Just because a format allows legendaries, doesn’t mean they’re required. A recent example is Gavin Michaels’ two-time regional winning team that featured zero Tapus and zero Ultra Beasts. Like I mentioned earlier, legendaries have weaknesses, and Gavin’s team was perfectly assembled to exploit them.
No one is going to shame you for using legendary Pokemon. The self-imposed challenge of not using them isn’t worth it if you’re trying to win.
Misconception #3: Competitive Pokemon is too complicated
Competitive Pokemon may involve a lot of numbers, but the math required does not exceed basic multiplication. What I can say is that there is a lot of memorization that goes into learning the game competitively. You need to know the type chart, what a majority of the Pokemon do, base stats, a few damage calculations and the list goes on. Casual players can get a basic idea of most of these aspects just by playing through the single-player game. It just requires a couple steps further. But what separates the normal game from competitive play, is the dreaded topic of breeding and EV training.
I’m not going to explain the intricacies of EV’s and IV’s because a YouTube video or forum post could probably do it better. It involves numbers yes, but the core mechanics are not complicated at all. What it boils down to is just a lot of research and time. Once you understand the mechanics, the process of obtaining competitive-ready Pokemon is a fairly repeatable process.
The amount of knowledge required is a reasonable barrier of entry into the competitive scene. It’s not super complicated, but there is a rather large time commitment. But that’s getting into any competitive game right? Just a lot of dedication.
Misconception #4: It’s all luck based
While there is a ton of RNG influence in Pokemon, it often doesn’t decide games. While there are some ridiculous mechanics like freeze, sleep and flinching, the better player will usually win. Pokemon is all about strategy, and the player who better executes their strategy will more than likely win. Plus there’s a lot that goes into matchups and team-building that gives a player an advantage before the game even starts.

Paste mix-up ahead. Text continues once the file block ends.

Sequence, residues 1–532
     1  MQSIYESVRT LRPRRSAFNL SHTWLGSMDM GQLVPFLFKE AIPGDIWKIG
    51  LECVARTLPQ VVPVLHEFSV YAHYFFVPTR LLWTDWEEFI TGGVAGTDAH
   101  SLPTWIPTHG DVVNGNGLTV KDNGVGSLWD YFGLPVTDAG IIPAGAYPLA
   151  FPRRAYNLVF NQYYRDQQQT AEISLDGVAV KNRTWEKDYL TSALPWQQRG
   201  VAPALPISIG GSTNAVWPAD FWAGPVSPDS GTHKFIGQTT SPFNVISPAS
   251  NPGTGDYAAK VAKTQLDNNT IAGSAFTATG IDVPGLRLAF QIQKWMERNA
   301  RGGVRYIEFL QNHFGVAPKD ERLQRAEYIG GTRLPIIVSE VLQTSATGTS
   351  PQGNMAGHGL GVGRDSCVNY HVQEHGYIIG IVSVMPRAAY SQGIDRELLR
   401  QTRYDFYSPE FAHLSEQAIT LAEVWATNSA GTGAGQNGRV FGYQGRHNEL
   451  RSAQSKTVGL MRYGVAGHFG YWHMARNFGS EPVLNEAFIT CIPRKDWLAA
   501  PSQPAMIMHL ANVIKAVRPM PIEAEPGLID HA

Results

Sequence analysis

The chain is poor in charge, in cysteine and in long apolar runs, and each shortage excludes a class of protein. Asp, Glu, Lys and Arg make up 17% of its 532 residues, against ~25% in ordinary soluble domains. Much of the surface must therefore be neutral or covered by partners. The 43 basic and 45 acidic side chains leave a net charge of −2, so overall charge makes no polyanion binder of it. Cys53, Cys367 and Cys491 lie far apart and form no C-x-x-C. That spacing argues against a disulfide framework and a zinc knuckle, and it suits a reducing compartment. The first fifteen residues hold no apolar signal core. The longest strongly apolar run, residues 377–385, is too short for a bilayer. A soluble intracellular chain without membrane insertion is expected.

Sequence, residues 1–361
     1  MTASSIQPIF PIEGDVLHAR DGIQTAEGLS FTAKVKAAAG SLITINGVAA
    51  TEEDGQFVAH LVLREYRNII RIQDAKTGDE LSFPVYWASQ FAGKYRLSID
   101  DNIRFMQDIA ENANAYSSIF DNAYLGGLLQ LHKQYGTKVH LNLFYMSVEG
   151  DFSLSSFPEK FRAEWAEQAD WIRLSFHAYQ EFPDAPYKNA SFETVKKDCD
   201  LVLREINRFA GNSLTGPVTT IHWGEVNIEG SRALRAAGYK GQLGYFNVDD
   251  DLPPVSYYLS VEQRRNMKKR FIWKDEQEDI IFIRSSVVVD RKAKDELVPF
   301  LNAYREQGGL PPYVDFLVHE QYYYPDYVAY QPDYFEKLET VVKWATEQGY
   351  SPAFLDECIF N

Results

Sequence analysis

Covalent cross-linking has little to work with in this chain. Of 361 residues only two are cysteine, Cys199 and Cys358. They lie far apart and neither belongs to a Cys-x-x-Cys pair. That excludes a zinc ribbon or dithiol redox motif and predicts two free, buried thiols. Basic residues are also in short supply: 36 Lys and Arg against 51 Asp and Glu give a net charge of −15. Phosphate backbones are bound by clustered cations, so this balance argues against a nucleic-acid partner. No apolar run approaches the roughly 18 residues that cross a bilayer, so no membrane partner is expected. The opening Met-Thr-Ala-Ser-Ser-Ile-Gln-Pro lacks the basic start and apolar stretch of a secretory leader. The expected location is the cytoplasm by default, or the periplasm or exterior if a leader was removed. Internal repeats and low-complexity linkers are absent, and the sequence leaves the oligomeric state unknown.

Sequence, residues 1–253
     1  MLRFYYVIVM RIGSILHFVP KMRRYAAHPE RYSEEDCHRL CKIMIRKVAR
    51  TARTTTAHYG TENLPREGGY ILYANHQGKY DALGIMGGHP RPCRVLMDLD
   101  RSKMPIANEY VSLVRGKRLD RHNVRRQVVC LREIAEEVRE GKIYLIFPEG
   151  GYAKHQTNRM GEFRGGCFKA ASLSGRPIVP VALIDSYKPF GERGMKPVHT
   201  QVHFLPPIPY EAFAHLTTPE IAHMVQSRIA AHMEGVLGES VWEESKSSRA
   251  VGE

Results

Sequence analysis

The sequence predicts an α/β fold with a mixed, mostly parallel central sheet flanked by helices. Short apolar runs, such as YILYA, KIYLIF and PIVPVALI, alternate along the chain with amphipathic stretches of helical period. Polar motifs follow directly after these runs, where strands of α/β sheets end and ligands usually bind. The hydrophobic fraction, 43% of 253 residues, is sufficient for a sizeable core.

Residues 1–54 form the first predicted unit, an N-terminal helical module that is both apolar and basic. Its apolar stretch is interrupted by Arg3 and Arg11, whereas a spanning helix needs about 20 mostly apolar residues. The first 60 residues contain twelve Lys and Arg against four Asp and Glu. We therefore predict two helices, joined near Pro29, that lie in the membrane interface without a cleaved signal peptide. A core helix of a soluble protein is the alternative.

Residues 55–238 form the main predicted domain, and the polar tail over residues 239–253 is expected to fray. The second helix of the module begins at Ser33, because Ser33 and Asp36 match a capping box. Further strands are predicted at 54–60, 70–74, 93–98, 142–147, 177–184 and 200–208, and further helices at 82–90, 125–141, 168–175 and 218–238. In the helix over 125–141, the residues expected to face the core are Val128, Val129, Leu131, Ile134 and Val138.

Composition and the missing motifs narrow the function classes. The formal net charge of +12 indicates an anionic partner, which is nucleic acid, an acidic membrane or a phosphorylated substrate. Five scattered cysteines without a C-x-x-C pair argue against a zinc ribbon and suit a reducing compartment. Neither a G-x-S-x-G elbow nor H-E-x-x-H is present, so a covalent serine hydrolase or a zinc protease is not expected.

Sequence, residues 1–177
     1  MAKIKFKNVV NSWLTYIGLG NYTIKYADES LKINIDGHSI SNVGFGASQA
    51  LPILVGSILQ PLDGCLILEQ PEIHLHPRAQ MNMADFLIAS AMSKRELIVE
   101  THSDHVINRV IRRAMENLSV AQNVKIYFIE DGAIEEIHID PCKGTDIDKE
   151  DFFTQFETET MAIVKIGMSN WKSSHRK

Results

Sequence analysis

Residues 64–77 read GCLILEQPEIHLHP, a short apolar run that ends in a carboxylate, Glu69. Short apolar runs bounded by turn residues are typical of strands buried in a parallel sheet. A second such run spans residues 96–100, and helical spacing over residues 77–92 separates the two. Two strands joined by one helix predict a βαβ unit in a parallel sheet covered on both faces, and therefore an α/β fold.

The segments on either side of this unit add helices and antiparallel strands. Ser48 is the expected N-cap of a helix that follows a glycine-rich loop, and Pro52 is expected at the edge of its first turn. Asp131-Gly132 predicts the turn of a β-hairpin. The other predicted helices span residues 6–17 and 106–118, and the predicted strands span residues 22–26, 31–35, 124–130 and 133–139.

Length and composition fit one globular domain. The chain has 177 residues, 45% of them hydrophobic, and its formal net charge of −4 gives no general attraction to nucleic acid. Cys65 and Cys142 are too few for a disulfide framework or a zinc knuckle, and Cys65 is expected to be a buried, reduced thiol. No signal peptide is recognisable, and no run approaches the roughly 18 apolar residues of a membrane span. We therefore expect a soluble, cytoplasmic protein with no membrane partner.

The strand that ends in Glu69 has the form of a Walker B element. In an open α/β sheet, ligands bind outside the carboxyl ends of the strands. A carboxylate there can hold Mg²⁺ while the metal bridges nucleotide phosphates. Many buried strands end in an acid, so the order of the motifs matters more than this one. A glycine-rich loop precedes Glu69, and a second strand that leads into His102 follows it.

Players complain about bad luck all the time, but I assure you it happens a lot less often than you think. Experiencing bad RNG or “hax” is inevitable, it’s just something you have to deal with.
Misconception #5: Competitive players aren’t “real” Pokemon fans
The wonderful thing about Pokemon is that it’s not just a competitive game. A majority of players are introduced to the competitive side after being long-time fans of the franchise. Pokemon players play the game because they’re passionate about it, and nothing shows passion like dumping hundreds of hours into training to be the very best.
In the end, we’re all Pokemon fans, and regardless of whether you play competitively or not. I hope this gave you casual players out there a better insight into what competitive Pokemon is all about. If the normal game has felt stale to you, getting into the competitive scene will definitely renew your interest.
The issue of competitive versus casual doesn’t need to be so divisive. We can all enjoy the game in our own way, and there’s nothing wrong with that.
Thanks for reading!